Mammals like the the otter and water vole use Norfolk's habitat for their homes
Norfolk Wildlife Trust has backed a new set of stamps which feature some of Norfolk's threatened mammals.
The otter, water vole, hedgehog and brown long-eared bat appear on the stamps and can be found in the county.
"It is brilliant that some of the species highlighted are really making a come back in Norfolk," said David North, education manager for Norfolk Wildlife Trust.
The stamps from Royal Mail will be available from Tuesday, 13 April 2010.
"Otters declined catastrophically throughout England in the late 1950s. In Norfolk by the 1970s, most traditional otter sites were deserted and whole river systems no longer supported any otters," said David.
"Today though, otters have returned to most of their former haunts in Norfolk.
"This conservation success story is the result of both better legal protection for otters and the banning of the pesticides which poisoned them."
You may not think of bats and hedgehogs as under threat but changes to their habitat have had an impact.
Changes to the environment caused by growth in roads and housing developments have made it hard for the once thriving garden regular.
"Species like hedgehog and brown long-eared bat are still widespread in Norfolk with larger gardens providing good sites, but both species are thought to be declining," said David.
Since the 1960s, bats have suffered due to disturbances to their breeding and hibernating places, as well as a lack of insects to eat because of increased pesticide use.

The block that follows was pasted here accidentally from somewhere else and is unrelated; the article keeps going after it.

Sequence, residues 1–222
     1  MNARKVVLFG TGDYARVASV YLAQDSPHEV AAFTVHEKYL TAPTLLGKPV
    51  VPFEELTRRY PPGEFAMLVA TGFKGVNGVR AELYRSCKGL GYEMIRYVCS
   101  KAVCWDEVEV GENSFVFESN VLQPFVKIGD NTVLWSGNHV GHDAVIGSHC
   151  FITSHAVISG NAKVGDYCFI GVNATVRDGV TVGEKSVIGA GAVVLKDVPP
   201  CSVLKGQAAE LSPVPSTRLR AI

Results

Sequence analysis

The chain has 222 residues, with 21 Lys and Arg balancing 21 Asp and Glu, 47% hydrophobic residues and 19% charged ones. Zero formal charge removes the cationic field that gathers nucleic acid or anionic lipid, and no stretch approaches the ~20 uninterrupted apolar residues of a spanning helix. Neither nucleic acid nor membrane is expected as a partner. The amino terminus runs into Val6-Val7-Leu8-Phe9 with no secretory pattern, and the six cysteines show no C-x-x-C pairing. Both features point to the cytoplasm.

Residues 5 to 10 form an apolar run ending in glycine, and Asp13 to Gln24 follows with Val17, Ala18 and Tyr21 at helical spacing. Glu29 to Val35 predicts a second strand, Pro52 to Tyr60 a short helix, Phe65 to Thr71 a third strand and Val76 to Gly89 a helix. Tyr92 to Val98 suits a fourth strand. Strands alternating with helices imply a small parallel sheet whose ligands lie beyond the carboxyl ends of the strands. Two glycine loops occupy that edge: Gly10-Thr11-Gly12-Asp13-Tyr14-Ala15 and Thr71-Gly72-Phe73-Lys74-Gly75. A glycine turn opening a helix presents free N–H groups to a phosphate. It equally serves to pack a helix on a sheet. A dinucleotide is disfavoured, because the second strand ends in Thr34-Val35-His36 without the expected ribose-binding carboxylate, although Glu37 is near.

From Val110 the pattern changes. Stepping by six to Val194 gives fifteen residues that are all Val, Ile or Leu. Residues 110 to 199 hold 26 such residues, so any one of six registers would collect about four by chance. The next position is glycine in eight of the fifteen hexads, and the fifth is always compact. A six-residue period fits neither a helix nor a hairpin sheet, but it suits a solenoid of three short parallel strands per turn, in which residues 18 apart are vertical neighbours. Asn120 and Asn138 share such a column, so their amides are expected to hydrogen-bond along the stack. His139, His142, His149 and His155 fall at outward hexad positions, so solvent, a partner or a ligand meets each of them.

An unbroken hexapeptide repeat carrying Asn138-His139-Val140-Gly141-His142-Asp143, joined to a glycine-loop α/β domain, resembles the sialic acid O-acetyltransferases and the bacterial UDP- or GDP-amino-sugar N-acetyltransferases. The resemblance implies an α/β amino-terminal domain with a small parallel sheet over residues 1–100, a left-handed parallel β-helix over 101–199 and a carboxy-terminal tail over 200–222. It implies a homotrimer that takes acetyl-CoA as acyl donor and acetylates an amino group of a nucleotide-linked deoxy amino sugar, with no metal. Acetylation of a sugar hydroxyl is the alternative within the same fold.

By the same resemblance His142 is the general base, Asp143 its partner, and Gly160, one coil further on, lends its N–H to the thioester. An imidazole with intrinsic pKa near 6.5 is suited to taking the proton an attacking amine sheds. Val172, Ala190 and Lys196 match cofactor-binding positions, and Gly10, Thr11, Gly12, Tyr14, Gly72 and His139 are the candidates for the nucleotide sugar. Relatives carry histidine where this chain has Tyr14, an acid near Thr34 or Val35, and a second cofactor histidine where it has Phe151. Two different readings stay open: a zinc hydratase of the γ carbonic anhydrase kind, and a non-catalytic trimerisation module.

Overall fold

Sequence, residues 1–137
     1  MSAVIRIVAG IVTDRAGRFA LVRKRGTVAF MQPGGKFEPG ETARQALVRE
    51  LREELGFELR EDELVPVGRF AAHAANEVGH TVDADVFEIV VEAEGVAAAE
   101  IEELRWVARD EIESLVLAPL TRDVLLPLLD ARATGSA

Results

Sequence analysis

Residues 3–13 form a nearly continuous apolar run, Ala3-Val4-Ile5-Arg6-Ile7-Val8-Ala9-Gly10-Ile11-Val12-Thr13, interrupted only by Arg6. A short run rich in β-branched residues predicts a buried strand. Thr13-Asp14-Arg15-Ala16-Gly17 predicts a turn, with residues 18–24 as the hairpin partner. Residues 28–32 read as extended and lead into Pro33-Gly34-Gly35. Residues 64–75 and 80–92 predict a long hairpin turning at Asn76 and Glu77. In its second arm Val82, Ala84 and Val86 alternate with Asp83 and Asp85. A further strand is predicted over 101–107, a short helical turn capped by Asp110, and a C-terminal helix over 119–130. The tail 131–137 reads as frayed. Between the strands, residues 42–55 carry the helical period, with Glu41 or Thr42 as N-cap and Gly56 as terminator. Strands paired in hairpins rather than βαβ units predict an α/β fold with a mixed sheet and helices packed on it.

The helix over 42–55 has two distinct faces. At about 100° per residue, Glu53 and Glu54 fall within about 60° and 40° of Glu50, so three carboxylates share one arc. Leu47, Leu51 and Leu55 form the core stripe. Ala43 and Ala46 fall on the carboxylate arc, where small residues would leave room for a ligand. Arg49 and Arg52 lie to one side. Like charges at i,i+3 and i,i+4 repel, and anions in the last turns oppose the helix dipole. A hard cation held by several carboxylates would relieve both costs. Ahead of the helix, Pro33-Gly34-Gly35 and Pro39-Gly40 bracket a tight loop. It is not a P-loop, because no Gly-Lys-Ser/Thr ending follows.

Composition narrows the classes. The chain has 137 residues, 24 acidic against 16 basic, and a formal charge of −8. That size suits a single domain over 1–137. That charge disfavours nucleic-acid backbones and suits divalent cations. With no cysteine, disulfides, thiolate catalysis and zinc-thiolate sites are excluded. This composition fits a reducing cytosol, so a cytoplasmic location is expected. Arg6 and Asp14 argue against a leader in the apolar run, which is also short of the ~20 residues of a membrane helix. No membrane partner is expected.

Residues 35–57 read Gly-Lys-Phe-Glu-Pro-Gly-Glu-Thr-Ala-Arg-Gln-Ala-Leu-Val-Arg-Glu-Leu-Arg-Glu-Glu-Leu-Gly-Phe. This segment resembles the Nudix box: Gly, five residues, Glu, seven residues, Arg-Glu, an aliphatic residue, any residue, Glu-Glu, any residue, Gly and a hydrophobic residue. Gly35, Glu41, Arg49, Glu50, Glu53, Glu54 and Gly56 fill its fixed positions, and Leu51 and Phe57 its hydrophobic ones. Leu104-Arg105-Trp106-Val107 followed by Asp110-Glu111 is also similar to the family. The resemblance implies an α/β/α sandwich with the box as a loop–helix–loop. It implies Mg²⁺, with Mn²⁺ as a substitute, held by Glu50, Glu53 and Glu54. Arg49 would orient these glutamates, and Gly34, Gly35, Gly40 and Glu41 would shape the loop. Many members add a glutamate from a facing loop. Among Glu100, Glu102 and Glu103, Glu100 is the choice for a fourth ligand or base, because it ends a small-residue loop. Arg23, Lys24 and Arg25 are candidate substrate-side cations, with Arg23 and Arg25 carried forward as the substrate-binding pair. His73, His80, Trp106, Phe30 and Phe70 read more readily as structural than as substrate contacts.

However, the introduction of legislation and bat boxes has helped the brown long-eared bat.
"Bats and their roosts are protected under the Wildlife and Countryside Act 1981 (as amended), which means it is an offence to block access to or damage or destroy a bat roost," said David.
"It is also an offence to kill, injure, disturb or handle a bat without a licence," he added.
Norfolk is an important stronghold for the water vole
The water vole has suffered massively due to changing environment and the introduction of the American mink - a predator.
"Norfolk is a particularly important area for the endangered water vole and Norfolk Wildlife Trust nature reserves, including Cley Marshes, Hickling Broad and Ranworth Broad are great places to look for this species," said David.
"The water vole has suffered the largest decline of any British mammal in recent years. Some estimates now place the population decline of water voles at 90%.
"Although water voles have declined in Norfolk, it remains a national stronghold with strong populations in the Broads, along the north Norfolk coast, in the Fens area and on the south Norfolk claylands."
Mammals is the Royal Mail's fourth Action for Species series and is available from Tuesday, 13 April 2010.